Russia and Iran's navies plan to hold a joint exercise in the Caspian Sea the Russian-based RIA Novosti reported on Friday, citing a Russian military commander.
Nikolai Yakubovsky, deputy commander of Russia’s Caspian Flotilla, said the two countries intended to hold a joint naval exercise in the second half of 2013.
He made the announcement during meetings with Iranian commanders who were visiting the port of Astrakhan on the Caspian Sea. Iranian media reported that “Iran has dispatched two indigenously-built missile-launching warships to Astrakhan,” likely referring to Sina Class missile boats or one possibly one of Iran’s two Moudge class frigates, which is reportedly stationed in the Caspian Sea.
The Sina Class missile boats are replicas of the La Combattante IIa fast attack ships that Iran has been operating under the name Kaman Class since before the revolution. Two of the Kaman Class ships were sunk during the 1980s; one by Iraq and one by the United States. The Sina Class ships are reportedly equipped with Chinese-802 anti-ship missiles and employ fire control radar.
Earlier in the week, the Iranian Navy’s deputy commander for operations, Admiral Siavash Jareh, said of the port call: “Given that the Caspian Sea is known as a sea of peace and tranquility, conveying the message of peace and friendship to countries bordering this sea, particularly the country of Russia, and displaying the naval might of the Navy and increasing the knowledge and experience of its young members are other purposes of the dispatch of the fleet of warships to Russia.”
The current port call follows two previous ones Russian warships made to the Iranian port of Bandar Abbas along the Persian Gulf. The first one took place in December of last year and reportedly included the Marshal Shaposhnikov, a Russian Udaloy-class destroyer. Then, in April, three Russian ships from the Pacific Fleet docked in Bandar Abbas Port while en route to the Mediterranean Sea. This second flotilla reportedly consisted of Russia’s Admiral Panteleyev destroyer and two transport ships.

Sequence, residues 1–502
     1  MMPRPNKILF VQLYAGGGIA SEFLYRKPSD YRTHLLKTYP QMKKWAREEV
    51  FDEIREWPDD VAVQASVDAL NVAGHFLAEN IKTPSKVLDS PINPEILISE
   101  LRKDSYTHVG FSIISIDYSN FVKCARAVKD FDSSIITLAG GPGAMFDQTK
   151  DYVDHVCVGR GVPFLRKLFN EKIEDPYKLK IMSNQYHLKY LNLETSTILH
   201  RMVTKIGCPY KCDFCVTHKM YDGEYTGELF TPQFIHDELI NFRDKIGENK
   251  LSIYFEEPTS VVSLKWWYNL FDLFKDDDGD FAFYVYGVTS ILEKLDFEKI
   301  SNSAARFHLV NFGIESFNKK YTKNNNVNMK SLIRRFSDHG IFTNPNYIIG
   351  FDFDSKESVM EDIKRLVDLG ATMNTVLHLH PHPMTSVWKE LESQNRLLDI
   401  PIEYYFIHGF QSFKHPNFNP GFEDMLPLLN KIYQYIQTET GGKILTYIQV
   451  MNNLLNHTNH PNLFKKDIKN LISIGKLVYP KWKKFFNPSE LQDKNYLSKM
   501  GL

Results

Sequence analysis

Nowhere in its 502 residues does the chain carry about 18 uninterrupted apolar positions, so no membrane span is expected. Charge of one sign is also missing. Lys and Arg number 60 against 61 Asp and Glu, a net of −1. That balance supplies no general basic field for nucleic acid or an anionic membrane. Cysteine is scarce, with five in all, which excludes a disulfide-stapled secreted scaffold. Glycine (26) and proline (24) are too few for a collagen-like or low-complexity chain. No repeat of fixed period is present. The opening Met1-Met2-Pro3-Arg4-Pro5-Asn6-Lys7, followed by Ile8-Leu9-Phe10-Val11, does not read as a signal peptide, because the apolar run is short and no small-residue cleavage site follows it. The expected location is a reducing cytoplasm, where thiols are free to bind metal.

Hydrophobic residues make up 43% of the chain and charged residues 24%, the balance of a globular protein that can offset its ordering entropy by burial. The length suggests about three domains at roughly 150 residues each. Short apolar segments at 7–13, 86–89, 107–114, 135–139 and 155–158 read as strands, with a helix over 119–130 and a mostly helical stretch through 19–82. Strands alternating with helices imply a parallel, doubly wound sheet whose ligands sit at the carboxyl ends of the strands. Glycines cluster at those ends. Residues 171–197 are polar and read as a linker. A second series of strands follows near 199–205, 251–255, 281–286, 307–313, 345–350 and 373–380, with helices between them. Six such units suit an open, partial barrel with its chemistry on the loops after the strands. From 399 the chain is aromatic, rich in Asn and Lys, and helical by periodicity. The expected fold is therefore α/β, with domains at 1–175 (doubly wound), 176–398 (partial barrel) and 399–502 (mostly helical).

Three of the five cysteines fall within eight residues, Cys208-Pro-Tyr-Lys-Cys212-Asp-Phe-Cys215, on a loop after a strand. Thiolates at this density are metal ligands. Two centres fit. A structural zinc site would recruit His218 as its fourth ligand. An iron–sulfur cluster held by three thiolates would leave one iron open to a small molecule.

Iran and Russia also held a joint naval drill in the Caspian Sea back in 2009.
However, Iran and Russia have often been at odds over the Caspian Sea in the past. Indeed, a year ago the Russian government took steps to block Iranian companies from buying a 25 percent stake in the Astrakhan Port the Iranian warships docked at last week. They did so by using UN Security Council sanctions enacted against Iran to impede progress on its nuclear program, which the West believes is aimed at a nuclear weapon, a charge Iranian officials deny.
“We know that these companies, through a certain chain, are under the direct control of the government or structures close to the government of the Islamic Republic of Iran,” a Russian official said at the time, adding “Ports are strategic assets.”
The port calls and forthcoming exercise highlight the closer alignment between Russia and Iran that has largely come about as a result of the situation in Syria.
The Financial Times reported last week that Iran, Russia, and China are propping up the Bashar al-Assad regime through a number of measures, including allowing al-Assad to conduct all his business using their three currencies. One of the Syrian leader’s deputy prime ministers told the newspaper that in order to help the regime evade international sanctions, the three countries are also supplying US$500 million a month in oil and extending credit lines to Damascus.